Two Air Force nuclear-missile officers are under probe for narcotics possession and have been taken off launch-control duty, the Associated Press reports.
The ICBM-launch personnel are stationed at Malmstrom Air Force Base, Mont., Air Force spokesman Lt. Col. Brett Ashworth said. The officers' access to classified information has been frozen while the drug investigation is under way, a different defense official said. No additional details were available about the two officers or the case, according to the AP report.
The revelation that service members with responsibility for launching intercontinental ballistic missiles could be involved with drugs is just the latest in a series of embarrassing incidents that have thrown a fresh spotlight on how the Air Force handles its nuclear-weapons mission.
The service's top ICBM commander -- a two-star general -- was dismissed in October after it was learned he went on a drinking binge and behaved inappropriately during an official visit to Russia in the summer. An ICBM wing at Malmstrom failed a safety and security test last year. Missile launch officers in two different incidents last spring at Malmstrom and Minot Air Force Base, N.D. were found to have violated security regulations designed to prevent intruders from seizing their ICBM-firing keys.
The U.S. arsenal of 450 Minuteman 3 ICBMs is distributed evenly among three bases in Montana, North Dakota and Wyoming. The operational headquarters for the ground-based missiles is at F.E. Warren Air Force Base, Wyo., where since 2010 there has been a higher courts-martial rate compared to the general Air Force population.
Last year, there were 12 courts-martial at that base, compared with nine in 2012, 12 the year prior, and eight in 2010, AP reported, citing statistics it received from an open-records request. Approximately 3,100 officers and enlisted personnel work at Warren.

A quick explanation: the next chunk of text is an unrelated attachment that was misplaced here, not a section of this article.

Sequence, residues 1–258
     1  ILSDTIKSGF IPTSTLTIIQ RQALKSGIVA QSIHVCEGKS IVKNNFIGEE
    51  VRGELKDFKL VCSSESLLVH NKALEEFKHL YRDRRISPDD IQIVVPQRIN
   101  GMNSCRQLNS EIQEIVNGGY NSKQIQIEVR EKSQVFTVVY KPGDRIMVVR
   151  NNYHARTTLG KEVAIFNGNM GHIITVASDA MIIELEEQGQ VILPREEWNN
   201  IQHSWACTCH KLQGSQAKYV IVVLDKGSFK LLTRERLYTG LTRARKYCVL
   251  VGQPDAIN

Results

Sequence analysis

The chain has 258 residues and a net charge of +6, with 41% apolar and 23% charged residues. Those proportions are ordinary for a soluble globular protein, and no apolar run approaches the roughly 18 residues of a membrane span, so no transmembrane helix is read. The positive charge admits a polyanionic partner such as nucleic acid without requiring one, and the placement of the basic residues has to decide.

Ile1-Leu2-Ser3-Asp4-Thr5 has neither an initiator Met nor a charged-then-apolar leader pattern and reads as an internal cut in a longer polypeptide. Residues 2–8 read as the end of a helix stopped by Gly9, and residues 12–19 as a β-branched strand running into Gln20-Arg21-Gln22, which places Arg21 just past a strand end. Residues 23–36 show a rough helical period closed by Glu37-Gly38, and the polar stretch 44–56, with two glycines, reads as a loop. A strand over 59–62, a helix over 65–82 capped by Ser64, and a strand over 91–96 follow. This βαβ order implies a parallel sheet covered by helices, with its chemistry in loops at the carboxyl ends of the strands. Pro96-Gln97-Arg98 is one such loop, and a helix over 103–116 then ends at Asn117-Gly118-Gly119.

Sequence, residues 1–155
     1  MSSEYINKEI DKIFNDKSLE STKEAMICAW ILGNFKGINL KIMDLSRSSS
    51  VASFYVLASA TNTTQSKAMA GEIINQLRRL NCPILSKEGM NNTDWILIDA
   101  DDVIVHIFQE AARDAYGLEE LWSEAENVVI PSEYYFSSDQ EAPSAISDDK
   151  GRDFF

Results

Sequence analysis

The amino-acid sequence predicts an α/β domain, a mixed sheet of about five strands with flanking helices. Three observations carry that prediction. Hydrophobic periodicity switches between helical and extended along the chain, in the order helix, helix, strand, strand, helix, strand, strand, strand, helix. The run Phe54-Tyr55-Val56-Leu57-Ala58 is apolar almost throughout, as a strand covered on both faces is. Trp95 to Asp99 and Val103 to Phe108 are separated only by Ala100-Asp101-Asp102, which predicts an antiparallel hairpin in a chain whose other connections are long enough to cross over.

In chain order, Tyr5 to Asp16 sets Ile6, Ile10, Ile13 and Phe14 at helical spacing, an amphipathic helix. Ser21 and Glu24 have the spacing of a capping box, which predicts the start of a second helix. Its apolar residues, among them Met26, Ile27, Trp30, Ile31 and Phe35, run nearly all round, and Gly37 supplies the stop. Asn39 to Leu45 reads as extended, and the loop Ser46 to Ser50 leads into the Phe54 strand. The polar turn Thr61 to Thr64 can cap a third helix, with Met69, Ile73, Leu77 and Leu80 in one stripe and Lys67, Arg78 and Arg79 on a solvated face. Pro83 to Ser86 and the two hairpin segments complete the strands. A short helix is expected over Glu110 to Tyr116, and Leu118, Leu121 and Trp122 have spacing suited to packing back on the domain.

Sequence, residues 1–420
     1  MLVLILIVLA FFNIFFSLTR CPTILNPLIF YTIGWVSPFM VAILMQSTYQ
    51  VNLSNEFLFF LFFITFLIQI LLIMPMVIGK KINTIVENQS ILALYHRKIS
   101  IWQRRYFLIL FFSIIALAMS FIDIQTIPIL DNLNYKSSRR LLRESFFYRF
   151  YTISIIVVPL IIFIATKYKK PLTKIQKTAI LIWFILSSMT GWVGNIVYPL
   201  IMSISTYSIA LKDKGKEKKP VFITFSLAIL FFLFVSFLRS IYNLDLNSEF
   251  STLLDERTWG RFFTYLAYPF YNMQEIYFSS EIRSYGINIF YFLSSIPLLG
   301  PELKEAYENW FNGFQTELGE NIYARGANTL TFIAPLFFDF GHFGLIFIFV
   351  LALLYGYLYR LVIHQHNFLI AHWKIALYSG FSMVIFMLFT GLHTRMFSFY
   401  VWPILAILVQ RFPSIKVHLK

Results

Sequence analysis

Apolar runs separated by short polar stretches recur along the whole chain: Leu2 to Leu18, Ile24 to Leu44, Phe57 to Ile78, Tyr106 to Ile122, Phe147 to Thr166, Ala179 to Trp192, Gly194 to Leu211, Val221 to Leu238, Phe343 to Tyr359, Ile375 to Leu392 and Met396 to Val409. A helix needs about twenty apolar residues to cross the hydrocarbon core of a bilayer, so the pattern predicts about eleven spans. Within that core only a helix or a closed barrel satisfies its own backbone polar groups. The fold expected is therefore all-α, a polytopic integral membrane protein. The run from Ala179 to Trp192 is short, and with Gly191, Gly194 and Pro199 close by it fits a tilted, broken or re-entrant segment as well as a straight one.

Drug violations in those years were a leading offense. In 2012, the No.1 courts-martial offense was "wrongful use of marijuana," AP separately reported.
News of the drug investigation came shortly before U.S. Defense Secretary Chuck Hagel gave a speech on Thursday at the Wyoming base that was intended to lift airman morale.
The defense chief did not mention the investigation in his speech nor did he specifically address any of the other recent scandals that have plagued the Air Force's nuclear mission. He did hint at lapses in discipline, though, saying, "How you do the job really is as important as the job itself."
"You are doing something of great importance to the world," Hagel said. "You have chosen a profession where there is no room for error -- none."
Hagel's predecessor in the job revealed that dealing with the problems in the Air Force's nuclear mission was "one of my biggest headaches" during his service in the Bush administration, Defense News reported.
Former Defense Secretary Robert Gates in his new memoir, "Duty: Memoirs of a Secretary at War," wrote that he was aghast over the August 2007 "Bent Spear incident where a B-52 bomber at Minot was mistakenly loaded with six nuclear missiles and then flown to Barksdale Air Force Base in Louisiana.
"I was incredulous at such a monumental screw-up," he wrote.
Gates said he knew serious reform was needed after it was revealed that in 2006 ICBM fuse components were inadvertently sent to Taiwan instead of the helicopter batteries the Taiwanese military had ordered.
"Coming on the heels of the Bent Spear incident, it was clear that all hell was going to break loose," Gates wrote, noting that the Defense Department had to convince China the fuse shipment was a mistake and the United States was not trying supply Taiwan with nuclear arms.
Those two incidents led to the 2008 dismissal of the Air Force's top general and civilian leader, and compelled the service to fold its ICBM and bomber wings under a newly formed Global Strike Command.